Here is a situation that we currently face nationally…. The policy environment around employment is changing. Employment First efforts have reinforced the belief that integrated employment is the first and most preferable option for all individuals.
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The policy environment around employment is changing. Employment First efforts have reinforced the belief that integrated employment is the first and most preferable option for all individuals.
There is a mismatch between the policy emphasis and practice in the field. Expectations for individuals with intellectual and developmental disabilities too often do not include integrated work options. Therefore, their academic, social and transition experiences differ significantly from students that are expected to engage in integrated employment.
Although there are issues in achieving competitive employment that earns a career wage for many students with disabilities, the data for individuals with intellectual and developmental disabilities is very concerning.
Questions about how LRE applies to transition and landmark legal decisions have clarified that schools and communities must examine their expectations and programmatic options to maximize opportunities for all students with disabilities … including students with intellectual and developmental disabilities.
How could a convening approach help address this issue?
The progress of students with disabilities is deeply connected to the quality of education provided to all students. Special Education needs to be included in the larger dialogue about policy, strategy and practice. But, with so many divisions, initiatives and funding streams influencing SEA plans, this is difficult to accomplish.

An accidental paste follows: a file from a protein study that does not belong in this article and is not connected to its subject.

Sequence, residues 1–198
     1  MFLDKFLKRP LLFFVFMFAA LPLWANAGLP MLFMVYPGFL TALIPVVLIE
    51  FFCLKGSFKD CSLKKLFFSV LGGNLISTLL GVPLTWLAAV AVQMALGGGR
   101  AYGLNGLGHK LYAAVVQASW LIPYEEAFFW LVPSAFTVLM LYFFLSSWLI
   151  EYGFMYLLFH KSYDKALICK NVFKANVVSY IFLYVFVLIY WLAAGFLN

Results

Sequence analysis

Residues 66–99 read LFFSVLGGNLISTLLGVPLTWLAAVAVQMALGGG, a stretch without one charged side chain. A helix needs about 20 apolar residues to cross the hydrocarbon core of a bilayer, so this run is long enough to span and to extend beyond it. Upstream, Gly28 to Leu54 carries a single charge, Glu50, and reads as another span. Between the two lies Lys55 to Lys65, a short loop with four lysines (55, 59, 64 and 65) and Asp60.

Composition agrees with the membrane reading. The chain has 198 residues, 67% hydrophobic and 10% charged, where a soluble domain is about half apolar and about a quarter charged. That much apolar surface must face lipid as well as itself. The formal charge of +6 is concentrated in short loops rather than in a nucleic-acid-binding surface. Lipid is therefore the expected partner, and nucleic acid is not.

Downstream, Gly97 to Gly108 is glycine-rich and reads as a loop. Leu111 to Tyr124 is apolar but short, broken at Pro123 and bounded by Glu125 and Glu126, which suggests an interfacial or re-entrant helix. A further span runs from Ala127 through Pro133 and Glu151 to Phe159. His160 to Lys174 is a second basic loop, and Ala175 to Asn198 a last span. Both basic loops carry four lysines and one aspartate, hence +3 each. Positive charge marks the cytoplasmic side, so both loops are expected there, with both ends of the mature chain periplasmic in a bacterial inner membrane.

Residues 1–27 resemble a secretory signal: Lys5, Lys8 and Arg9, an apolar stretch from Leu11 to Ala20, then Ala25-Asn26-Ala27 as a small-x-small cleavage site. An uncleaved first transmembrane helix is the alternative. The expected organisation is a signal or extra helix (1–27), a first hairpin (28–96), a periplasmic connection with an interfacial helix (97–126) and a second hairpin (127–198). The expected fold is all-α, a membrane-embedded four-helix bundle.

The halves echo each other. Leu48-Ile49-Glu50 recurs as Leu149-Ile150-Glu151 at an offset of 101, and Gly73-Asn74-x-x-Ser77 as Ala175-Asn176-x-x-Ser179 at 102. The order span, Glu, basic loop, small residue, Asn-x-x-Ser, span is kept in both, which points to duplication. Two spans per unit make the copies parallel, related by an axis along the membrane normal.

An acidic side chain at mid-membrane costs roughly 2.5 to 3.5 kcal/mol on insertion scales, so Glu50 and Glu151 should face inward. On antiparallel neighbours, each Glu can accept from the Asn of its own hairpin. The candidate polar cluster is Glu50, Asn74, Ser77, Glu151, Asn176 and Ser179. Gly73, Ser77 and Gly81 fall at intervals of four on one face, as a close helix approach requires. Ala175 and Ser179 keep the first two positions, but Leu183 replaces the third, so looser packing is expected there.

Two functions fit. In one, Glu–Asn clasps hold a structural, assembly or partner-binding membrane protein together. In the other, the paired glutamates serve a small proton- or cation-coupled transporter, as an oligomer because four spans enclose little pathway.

This separation trickles down to the field. It is difficult to help general education leaders to see that they must be partners in changing special education practice. Evidenced –based approaches like Multi-Tiered Systems of Support (MTSS) and Positive Behavioral Interventions and Supports (PBIS) have strong connections to special education…but, must have a general education identity to be successful.
Many SEA strategies could be informed by special education research and TA. Likewise, special education practice could benefit significantly from greater general ed. collaboration. Yet, across the Dept., new initiative/proposals/grants continue to be developed independently and fail to build on our collective knowledge and existing efforts.
The district has adopted and implemented school-wide PBIS. Behavior referrals have declined. Teachers are able to focus on teaching and students can focus on learning. Still, many students have needs that surpass the school-wide approaches. There are numbers of students who are in need of ‘tier 2’ or ‘tier 3’ services. The school staff cannot provide all that these students need.
The district, in collaboration with the community services, proposes to work together to meet the needs of all the students. While the school staff knows they need help, they are skeptical about the ability to make the new collaboration work. Community staff wonder how their current approaches will be received in a school setting.
They decide that their best chance for success is authentic engagement of the potential partners and others that will be impacted by developing a new more ‘comprehensive’ system.
Using the convening approach, how could they begin?
What should they ‘pay attention to’ as their work develops?
A local school has identified an evidence based practices that seems to have relevance to the problems that they face. The protocol for the practice recommends that they secure 80% support before initiating a practice. In a faulty meeting, the principal makes it clear that she wants to initiate the training in this practice and gets compliance.
It might be a stretch to say that there is support…but the training goes well. Most of the faculty follows the protocol, completes the fidelity checks and participate in data teams using time that the principal has created in the schedule.
Things seem to be going well…but the principal has an uneasy feeling
about the true support for the practice. She wonders:
How might she approach these doubts in a convening framework?